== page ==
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United States v. Graves

IN THE UNITED STATES DISTRICT COURT FOR THE EASTERN DISTRICT OF PENNSYLVANIA


November 19, 2009

UNITED STATES OF AMERICA
v.
CHARLES GRAVES

The opinion of the court was delivered by: Eduardo C. Robreno, J.

MEMORANDUM

I. BACKGROUND

Petitioner Charles Graves ("Petitioner") has filed a pro se motion for reduction of his sentence based upon 18 U.S.C. § 3582(c) and the recent amendments to the Sentencing Guidelines with respect to cocaine base ("crack") offenses. On January 26, 1999, Petitioner was indicted on the following four counts: (1) possession of heroin with intent to distribute in violation of 21 U.S.C. § 841(a)(1); (2) possession of cocaine base ("crack") with intent to distribute, in violation of 21 U.S.C. § 841(a)(1); (3) felon in possession of a firearm, in violation of 18 U.S.C. § 922(g)(1); (4) and possession of ammunition by a convicted felon, in violation of 18 U.S.C. § 922(g)(1). On September 13, 1999, Petitioner was found guilty on all counts by a jury verdict.

A presentence investigation report was completed by the United States Probation Office (the "Probation Office"). The Probation Office determined that the narcotics charges and felon- in-possession charges should be grouped together for purposes of sentencing because they were part of a single criminal episode. Because the offense level for the felon-in-possession counts had the highest offense level of the counts comprising this group, the counts related to possession of the firearm were used as the base offense. In light of the fact that Petitioner had at least two prior felony convictions for crimes of violence or drug offenses, and possessed a firearm in connection with his arrest, his base offense level under U.S.S.G. § 2K1.1(a)(1) was 26. The base offense level was increased by four levels under U.S.S.G. 2K1.1(b)(5) because Petitioner employed a firearm in connection with another felony offense.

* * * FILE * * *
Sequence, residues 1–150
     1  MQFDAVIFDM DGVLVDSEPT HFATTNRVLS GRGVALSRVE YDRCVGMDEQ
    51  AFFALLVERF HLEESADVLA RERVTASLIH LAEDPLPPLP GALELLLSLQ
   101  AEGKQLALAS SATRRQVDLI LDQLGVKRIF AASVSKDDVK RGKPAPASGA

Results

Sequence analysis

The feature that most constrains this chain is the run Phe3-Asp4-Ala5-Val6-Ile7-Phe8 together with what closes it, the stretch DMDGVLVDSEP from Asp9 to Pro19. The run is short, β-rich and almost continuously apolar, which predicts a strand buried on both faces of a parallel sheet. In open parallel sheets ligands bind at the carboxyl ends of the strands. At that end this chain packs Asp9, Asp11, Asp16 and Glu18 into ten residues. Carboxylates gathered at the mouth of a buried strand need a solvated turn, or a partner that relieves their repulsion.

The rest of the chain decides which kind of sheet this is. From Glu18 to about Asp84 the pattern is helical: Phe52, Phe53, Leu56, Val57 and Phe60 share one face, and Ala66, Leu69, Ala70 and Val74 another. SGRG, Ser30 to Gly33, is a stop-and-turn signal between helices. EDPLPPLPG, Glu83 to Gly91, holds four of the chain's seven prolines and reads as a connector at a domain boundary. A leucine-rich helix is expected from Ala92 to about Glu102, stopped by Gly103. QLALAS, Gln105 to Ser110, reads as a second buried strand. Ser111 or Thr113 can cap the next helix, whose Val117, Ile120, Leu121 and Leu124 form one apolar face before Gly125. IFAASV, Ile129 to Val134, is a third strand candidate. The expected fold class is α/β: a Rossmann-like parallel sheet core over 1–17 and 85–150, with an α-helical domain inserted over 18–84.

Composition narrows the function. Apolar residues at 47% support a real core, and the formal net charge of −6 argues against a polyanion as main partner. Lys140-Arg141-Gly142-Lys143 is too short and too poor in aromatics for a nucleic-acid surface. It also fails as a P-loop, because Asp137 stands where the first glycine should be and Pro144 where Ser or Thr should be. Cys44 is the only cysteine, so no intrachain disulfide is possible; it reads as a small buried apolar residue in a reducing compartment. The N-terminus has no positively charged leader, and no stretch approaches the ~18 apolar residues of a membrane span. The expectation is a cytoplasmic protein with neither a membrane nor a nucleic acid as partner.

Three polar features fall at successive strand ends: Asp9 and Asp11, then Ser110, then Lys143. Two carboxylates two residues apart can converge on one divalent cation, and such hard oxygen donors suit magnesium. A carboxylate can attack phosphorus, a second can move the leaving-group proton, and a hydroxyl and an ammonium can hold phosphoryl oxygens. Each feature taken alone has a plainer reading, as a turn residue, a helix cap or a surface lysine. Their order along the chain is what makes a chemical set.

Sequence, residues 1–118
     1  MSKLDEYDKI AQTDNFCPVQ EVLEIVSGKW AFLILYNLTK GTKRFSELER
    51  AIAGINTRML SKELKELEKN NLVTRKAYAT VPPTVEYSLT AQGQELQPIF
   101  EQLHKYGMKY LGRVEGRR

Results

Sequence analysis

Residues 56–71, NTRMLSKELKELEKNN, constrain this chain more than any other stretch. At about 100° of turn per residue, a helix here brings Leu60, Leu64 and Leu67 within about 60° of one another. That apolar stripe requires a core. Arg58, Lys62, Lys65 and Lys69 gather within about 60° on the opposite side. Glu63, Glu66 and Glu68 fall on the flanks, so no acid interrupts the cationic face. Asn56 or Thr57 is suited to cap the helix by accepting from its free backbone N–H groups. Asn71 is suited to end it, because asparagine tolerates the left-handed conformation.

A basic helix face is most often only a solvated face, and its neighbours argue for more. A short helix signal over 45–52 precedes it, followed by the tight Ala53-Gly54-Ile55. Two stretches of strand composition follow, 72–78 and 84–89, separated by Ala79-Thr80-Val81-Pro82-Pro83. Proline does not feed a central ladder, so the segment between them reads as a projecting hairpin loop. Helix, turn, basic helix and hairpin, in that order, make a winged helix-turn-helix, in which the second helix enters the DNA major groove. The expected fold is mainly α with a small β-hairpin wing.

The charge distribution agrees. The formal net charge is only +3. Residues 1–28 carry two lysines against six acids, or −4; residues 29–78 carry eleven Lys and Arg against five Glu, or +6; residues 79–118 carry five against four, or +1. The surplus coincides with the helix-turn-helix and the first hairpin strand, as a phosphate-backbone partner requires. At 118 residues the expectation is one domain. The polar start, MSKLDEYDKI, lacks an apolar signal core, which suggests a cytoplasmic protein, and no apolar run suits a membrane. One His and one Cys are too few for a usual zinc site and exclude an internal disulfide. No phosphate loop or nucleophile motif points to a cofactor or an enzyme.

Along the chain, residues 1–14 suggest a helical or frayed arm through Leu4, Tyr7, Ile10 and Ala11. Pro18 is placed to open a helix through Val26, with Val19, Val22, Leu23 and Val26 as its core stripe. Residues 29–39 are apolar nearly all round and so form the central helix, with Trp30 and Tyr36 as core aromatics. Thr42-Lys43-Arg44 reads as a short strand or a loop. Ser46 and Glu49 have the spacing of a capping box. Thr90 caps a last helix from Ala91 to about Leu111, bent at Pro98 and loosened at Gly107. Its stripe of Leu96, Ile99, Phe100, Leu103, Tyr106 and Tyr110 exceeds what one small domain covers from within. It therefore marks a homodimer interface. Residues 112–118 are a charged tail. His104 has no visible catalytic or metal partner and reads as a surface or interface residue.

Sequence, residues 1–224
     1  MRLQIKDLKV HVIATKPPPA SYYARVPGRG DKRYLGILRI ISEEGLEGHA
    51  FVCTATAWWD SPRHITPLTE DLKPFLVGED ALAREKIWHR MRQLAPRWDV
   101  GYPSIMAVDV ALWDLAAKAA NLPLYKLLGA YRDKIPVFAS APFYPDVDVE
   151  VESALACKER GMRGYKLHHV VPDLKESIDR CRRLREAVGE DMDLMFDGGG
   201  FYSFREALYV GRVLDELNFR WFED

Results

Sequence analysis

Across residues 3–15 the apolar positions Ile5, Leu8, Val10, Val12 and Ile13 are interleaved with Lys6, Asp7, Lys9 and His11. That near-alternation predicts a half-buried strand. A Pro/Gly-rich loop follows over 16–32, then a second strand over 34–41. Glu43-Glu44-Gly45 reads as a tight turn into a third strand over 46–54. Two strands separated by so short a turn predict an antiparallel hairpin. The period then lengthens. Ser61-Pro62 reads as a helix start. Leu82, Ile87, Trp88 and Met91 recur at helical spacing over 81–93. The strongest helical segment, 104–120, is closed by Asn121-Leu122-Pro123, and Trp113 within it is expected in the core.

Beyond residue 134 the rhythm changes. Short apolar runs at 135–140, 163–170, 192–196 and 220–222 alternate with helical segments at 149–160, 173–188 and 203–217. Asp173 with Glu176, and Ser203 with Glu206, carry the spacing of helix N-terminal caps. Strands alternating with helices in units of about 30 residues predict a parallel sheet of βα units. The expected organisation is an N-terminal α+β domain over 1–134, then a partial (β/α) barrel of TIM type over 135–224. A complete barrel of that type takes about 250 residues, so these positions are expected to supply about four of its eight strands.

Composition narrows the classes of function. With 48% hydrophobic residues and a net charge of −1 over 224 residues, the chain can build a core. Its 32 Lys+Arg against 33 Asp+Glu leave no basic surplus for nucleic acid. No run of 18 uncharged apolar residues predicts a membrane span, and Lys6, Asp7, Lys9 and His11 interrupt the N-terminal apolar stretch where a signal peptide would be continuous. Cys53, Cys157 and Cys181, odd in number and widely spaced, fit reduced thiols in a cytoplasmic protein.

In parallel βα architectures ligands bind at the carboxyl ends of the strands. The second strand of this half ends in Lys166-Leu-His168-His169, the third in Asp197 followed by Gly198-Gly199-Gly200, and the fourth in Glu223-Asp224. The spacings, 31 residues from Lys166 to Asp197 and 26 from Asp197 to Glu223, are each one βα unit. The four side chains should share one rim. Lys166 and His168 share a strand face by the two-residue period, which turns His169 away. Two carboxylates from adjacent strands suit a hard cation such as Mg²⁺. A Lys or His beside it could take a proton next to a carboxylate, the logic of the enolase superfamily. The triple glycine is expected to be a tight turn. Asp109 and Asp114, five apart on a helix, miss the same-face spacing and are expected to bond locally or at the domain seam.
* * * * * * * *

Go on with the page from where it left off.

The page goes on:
Based upon Petitioner's criminal record, the Probation Office determined that he qualified as an armed career criminal within the meaning of U.S.S.G. § 4B1.4, and a career offender under U.S.S.G. § 4B1.1. As such, Petitioner's offense level was increased to 34. The Probation Office calculated Petitioner's criminal history and concluded that he should be placed in criminal category VI. Based upon an offense level of 34 and criminal category VI, Petitioner's guideline range was 262 months to 327 months, with a mandatory minimum sentence of 180 months.

On December 12, 1999, the Court sentenced Petitioner to 276 months' imprisonment on counts one through four.

II. DISCUSSION

Section 3582(c)(2) provides:

[I]n the case of a Petitioner who has been sentenced to a term of imprisonment based on a sentencing range that has subsequently been lowered by the Sentencing Commission pursuant to 28 U.S.C. § 994(o), upon motion of the Petitioner or the Director of the Bureau of Prisons, or on its own motion, the court may reduce the term of imprisonment, after considering the factors set forth in section 3553(a) to the extent they are applicable, if such a reduction is consistent with applicable policy statements issued by the Sentencing Commission.